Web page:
For a long time when I thought of a diner, I pictured something like the Waffle House. Maybe not that gross and outdated (they are around here, anyway), but certainly something that was not trendy, or fresh, or interesting. My experiences were with little roadside places in the middle of the night, many of which are rather interchangable in my memory. Standard fare filled the menu: burgers, melts, and American breakfast things. The staff generally seemed washed up despite being friendly enough, but all these things put together really caused a poor lasting impression for me. Thus, it was of little import to me when the Metro Diner opened close to Exit 3 on I-95 (just one of their locations). Did the world really need another diner? Weren’t they going out of style anyway? Soon, though, reports started pouring in that the place was the best thing since sliced bread.
My first impression indicated that these reports were to prove accurate. Around one thirty in the afternoon, the Metro Diner was full to bursting. There wasn’t even an open stool at the bar facing the open kitchen. Luckily, our wait wasn’t more than ten minutes, so we stuck it out. And boy, are we glad we did. The menu is a modern take on the traditional diner setup, with breakfast galore, burgers all sorts of ways, and several items that simply didn’t exist thirty years ago. Morgan, for example, ordered the avocado toast—just avocado and sliced tomato on eight grain toast—and reported that it’s absolutely delicious. They also provide the opportunity for toppings to be mixed into your hashbrowns (they do cost money per topping, but they don’t skimp on the amount you get).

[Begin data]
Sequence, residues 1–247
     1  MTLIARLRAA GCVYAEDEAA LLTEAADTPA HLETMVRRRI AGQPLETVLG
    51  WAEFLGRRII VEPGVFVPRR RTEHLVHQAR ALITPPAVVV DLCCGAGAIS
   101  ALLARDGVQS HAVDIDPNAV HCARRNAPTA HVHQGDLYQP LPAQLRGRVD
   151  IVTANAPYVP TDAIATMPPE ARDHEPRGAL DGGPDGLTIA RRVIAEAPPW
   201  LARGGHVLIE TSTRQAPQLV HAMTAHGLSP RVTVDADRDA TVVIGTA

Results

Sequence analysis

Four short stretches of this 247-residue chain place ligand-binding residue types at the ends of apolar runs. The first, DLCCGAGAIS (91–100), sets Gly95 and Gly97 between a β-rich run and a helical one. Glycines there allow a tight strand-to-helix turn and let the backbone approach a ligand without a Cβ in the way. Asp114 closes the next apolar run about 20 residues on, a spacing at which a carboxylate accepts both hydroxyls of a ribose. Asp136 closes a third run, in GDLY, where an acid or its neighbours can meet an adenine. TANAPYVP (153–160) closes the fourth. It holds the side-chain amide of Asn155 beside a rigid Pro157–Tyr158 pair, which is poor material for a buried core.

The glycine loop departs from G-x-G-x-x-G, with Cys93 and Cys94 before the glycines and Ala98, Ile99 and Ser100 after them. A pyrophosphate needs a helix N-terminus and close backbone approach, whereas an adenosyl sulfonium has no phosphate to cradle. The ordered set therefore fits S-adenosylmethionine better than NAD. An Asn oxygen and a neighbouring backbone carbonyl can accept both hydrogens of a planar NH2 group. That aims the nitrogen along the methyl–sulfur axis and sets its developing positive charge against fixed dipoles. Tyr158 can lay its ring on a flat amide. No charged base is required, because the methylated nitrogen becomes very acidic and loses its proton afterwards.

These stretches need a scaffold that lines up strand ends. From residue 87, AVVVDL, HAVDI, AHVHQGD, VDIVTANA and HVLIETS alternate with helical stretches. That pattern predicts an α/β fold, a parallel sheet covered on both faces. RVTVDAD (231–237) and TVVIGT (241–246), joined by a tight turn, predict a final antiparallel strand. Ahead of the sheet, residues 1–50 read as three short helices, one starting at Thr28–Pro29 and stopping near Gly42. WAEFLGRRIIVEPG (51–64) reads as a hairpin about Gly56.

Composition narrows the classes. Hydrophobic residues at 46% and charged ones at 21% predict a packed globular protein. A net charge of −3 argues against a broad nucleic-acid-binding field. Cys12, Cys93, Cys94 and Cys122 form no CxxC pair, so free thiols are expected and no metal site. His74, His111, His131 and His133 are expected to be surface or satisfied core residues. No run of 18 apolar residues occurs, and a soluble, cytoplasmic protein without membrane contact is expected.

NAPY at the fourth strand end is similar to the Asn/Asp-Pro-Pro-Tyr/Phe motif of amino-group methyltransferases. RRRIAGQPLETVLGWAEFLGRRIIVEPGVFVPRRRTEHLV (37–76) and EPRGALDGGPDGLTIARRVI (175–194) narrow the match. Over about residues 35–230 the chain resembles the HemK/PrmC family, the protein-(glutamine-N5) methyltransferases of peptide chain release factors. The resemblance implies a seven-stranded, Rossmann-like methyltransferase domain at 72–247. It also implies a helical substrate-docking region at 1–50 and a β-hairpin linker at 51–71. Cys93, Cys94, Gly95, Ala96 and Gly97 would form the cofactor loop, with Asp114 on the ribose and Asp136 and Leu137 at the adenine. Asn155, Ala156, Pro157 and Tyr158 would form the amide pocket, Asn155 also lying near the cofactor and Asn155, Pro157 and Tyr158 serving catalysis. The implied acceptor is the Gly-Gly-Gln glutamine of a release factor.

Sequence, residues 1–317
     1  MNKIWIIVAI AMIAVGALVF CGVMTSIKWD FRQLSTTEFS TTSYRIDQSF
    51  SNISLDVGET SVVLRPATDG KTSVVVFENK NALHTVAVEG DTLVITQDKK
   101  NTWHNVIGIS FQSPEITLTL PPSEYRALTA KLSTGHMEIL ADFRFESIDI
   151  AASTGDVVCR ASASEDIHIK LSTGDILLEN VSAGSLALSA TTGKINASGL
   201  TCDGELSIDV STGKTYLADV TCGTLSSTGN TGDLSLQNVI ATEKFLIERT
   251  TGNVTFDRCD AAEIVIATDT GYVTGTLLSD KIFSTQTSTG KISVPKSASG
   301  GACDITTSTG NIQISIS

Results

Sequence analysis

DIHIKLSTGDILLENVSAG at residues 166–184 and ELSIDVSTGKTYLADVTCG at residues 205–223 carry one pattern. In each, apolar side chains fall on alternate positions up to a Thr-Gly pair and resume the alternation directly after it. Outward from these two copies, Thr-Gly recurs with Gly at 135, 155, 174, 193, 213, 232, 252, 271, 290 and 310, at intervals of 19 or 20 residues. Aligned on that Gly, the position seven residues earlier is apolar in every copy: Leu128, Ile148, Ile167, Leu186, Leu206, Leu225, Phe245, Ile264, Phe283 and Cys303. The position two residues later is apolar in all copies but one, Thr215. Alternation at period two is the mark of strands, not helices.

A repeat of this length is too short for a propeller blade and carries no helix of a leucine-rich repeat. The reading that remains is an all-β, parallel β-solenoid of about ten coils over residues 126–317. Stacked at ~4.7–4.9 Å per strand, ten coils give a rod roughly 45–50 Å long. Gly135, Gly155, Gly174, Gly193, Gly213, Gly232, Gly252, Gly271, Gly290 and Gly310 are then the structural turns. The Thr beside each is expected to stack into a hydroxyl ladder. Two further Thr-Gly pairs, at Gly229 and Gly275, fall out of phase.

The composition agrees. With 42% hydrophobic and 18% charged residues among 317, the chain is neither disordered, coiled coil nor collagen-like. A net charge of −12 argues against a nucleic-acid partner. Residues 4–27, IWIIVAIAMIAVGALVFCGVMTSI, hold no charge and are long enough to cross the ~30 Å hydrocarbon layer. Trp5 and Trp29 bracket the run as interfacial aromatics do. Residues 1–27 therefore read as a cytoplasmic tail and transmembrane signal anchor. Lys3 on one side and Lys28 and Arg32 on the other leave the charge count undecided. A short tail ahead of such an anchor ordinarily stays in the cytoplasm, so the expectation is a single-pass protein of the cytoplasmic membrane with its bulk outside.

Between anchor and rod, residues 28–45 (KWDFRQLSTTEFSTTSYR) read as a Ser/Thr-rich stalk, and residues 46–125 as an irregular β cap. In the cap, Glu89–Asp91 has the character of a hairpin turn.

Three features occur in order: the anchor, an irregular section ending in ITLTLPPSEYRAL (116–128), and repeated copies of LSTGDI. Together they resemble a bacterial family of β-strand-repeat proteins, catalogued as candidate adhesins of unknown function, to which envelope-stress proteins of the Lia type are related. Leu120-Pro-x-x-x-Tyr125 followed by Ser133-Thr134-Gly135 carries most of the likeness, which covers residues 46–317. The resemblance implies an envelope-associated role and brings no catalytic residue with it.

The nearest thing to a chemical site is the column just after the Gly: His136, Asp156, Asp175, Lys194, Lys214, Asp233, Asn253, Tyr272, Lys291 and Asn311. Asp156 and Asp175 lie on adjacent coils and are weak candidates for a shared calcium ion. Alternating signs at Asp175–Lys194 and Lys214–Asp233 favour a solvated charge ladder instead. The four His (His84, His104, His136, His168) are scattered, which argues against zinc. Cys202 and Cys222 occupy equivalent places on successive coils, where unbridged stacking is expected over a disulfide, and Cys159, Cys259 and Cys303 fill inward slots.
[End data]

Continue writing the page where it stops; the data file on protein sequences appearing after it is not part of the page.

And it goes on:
I’m a sucker for eggs benedict, and who could resist one with a house made crab cake in place of the Canadian bacon? The hollandaise was absolutely exceptional, to the point where I paid for an extra side of it for my hashbrowns. I just wanted the opportunity to keep eating the stuff. Apparently, it was also good on the avocado toast (and how could it possibly not be?). The eggs were almost perfect; the yolks could have been a bit looser. However, as the cooks were just coming off a serious rush—and since the crab cake was sublime—I don’t hold it against them. They get two more tries (I’ll let you know).
I went to the Metro Diner to see whether that style of restaurant could be translated into the Twenty-First Century. Could a diner cater successfully to young people and still be a diner? The answer is a resounding yes; the only caveat is the pricepoint, though I have to agree that my crab eggs benedict was totally worth thirteen dollars. I look forward to my next visit to the Metro Diner, but I have yet to decide whether it’ll be a breakfast, lunch, or dinner experience.